pintprice.com: the price of beer anywhere
A handy tool for comparing the true cost of living.

Carl Warner: Photographer
Click the orange box for the fantasy food photos. (Via MUG)

Who knew there were enough films and docs on food justice to fill up an annual fest?

Aqua Ban at NY Hot Spots
Bottled water, is like, sooo last year...

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Goal 1: Hydration

I love resolutions. In fact, I love 'em so much, I tend to make biannual resolutions, because sometimes the things I resolve in January make less sense six months later.

Thus, I'm embarking on seven days of healthy food resolutions this week.

Each goal will support good health with good food without wrecking one of my other goals: saving money so I can pay down my student loans.

Goal 1: Hydration

One of the cheapest, most sensible tips I've found for maintaining a healthy weight and a happy body is bizarrely simple: Stay hydrated.

There's so many compelling reasons to keep ample fluids in the body. When you drink enough water, you give yourself the gift of nourished skin, better breath, more energy, happy bowels and kidneys, easier digestion, more brainpower and very probably a decreased caloric intake (dehydrated people tend to snack).

There was a period in my life several years ago when I didn't drink water. Ever. I drank milk, juice, sodas, tea, cocoa, lemonade... anything but water. To be honest, straight-up water kind of bored me.

In retrospect, it's not surprising that I also had chapped lips, often felt dizzy and passed out in public places with concerning frequency. (They called an ambulance when I passed out in the Rainbow Foods checkout line.) My doctor took blood tests and did an EKG to try to figure out the fainting spells, but came to no conclusion.

At some point, I realized I'd never really paid any attention at all to that whole "drink 6 to 8 glasses of water a day" rule. I gave it a shot (though I'm a bit embarrassed to admit that the experiment was more for the promised energy boost than anything else).

Suddenly, like the forgotten plant on the windowsill... water brought me back to life. Random headaches, swooning, dry skin, constipation and dry mouth? Gone. Turns out I had low blood pressure thanks to a mild, but chronic, dehydration.

I haven't had a dizzy spell since, and I now begin every list of annual resolutions with this one simple statement: Drink more water.

Washable Water Bottle
Your ally in the war on dehydration

There's a few easy ways to make this resolution stick.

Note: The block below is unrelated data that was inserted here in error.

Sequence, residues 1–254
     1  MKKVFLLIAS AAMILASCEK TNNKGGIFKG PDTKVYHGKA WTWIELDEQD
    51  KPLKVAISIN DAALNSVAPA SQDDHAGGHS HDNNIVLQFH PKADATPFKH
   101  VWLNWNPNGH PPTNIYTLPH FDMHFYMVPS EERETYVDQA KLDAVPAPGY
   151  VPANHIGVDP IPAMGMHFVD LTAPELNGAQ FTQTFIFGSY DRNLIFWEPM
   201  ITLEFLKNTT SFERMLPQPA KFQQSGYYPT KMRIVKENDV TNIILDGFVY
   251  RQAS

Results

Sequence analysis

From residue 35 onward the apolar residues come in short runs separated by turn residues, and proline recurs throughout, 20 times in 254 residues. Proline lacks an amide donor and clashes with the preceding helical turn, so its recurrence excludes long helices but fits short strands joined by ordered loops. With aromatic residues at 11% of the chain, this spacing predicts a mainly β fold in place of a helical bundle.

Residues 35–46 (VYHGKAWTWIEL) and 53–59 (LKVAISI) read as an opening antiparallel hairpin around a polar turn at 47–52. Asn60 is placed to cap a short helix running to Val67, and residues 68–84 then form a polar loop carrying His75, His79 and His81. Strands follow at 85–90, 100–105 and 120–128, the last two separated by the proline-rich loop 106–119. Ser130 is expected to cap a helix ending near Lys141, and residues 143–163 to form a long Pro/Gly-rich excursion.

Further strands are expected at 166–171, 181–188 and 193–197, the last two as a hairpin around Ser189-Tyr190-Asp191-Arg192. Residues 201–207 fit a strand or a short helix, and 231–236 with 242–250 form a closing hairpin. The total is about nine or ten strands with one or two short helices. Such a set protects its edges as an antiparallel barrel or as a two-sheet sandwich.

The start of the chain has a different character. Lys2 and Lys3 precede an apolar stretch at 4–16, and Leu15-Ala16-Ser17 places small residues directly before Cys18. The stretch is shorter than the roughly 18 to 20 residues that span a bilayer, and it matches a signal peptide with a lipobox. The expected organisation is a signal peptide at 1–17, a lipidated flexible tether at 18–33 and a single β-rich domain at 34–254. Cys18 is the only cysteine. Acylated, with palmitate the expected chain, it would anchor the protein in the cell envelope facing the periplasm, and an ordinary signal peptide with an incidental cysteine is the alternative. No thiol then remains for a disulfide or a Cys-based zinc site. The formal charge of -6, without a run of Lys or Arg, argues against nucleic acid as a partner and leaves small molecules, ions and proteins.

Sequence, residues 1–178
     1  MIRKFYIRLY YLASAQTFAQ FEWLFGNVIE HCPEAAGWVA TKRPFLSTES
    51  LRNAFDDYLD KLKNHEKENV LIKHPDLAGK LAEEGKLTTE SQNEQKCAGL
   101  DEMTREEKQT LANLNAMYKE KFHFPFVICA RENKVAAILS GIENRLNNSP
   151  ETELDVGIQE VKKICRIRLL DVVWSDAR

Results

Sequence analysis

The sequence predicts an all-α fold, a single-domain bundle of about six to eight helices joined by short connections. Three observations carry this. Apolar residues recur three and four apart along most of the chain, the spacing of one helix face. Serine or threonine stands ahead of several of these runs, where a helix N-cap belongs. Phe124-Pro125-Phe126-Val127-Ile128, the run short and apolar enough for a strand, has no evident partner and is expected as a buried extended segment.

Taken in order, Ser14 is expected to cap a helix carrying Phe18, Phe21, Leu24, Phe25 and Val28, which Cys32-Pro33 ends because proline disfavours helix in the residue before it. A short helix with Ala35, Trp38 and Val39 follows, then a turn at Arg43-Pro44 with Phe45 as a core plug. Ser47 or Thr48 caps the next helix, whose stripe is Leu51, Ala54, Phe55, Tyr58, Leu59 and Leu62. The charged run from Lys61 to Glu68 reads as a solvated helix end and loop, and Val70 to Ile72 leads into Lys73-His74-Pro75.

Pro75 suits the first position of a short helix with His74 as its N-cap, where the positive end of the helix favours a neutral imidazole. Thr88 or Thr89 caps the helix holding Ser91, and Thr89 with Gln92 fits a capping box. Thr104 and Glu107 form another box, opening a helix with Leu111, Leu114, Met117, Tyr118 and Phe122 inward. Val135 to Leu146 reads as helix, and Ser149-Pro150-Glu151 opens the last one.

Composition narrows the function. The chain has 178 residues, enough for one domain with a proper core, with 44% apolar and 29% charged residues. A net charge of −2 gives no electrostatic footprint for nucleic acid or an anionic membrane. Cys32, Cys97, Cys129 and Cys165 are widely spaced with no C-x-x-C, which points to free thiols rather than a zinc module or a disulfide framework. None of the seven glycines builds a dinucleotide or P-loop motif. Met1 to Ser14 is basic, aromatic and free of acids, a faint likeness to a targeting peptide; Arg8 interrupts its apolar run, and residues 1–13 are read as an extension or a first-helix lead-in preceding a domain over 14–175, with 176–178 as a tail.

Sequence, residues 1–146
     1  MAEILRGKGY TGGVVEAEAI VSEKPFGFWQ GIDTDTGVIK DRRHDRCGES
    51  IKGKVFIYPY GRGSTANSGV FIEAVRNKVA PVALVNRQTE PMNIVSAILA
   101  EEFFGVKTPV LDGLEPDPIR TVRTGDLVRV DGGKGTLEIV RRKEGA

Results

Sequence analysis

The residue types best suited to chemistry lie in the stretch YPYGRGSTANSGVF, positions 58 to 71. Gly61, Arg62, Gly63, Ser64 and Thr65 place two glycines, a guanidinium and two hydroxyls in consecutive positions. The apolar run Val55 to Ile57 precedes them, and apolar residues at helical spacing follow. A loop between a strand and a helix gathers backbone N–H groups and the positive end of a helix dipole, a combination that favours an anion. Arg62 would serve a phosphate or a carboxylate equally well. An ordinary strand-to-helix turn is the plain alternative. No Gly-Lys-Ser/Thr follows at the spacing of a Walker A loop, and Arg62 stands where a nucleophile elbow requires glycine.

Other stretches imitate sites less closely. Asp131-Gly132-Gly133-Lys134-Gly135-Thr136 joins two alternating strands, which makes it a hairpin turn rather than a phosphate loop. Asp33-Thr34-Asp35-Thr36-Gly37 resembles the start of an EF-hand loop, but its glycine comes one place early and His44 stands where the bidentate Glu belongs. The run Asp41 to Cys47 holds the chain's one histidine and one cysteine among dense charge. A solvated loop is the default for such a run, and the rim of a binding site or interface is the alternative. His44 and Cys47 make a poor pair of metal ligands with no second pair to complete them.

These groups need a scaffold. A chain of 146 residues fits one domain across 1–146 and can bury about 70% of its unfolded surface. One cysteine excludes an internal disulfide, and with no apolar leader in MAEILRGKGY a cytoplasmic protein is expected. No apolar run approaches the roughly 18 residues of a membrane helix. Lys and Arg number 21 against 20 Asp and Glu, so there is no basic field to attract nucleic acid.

1. Figure out how much you need.

Honestly, that whole six to eight glasses of water a day rule might not be right for you. If you exercise heavily, that's probably too little. If you drink a lot of other fluids, six to eight glasses might be too much. The proof is in the loo. Do Is your urine clear or pale yellow? You're probably doing fine. (Though it's important to note that B vitamins and some medications change the color of your fluids.)

2. Get yourself a water bottle you love (and a brush to keep it clean).

Most people are probably aware by now that disposable plastic water bottles are an environmental nightmare, so gift yourself a nice reusable water bottle. I've got a quart-sized Nalgene bottle on my desk at work and a smaller one that goes in my purse. Keep in mind that a bottle brush is key... nobody loves funky water.

3. Bored by water? Cut it with a little juice.

I mentioned this one a few months back in my post on workout foods, but somehow, it's even more valid in the winter. For some reason, I always think water tastes better in the summer. For the winter months, like to I hit my waterglass up with a wedge of lemon, lime or orange.

4. Take pride in your city tap water.

J was on the Staten Island Ferry recently when he overheard a young lady telling her friends, "Omigod, you guys... I am so broke. My parents didn't give me anything this week. You guys, I drank water... out of the water fountain!"

First, it's funny. Then, it's sad. I realize not every municipality has tasty water, but darn it, I really believe New York City has some of the finest water in the country. (In fact, Jeffrey Steingarten had a great chapter on this topic in his book, The Man Who Ate Everything.)

If your city water is horrible, then buy a tap filter and make it your civic duty to protest loudly, angrily and often. Bad city water needs to be an outrage, not a reason to give more money to Coke or Pepsi (Pepsi's Aquafina and Coke's Dasani bottled waters are processed from municipal taps).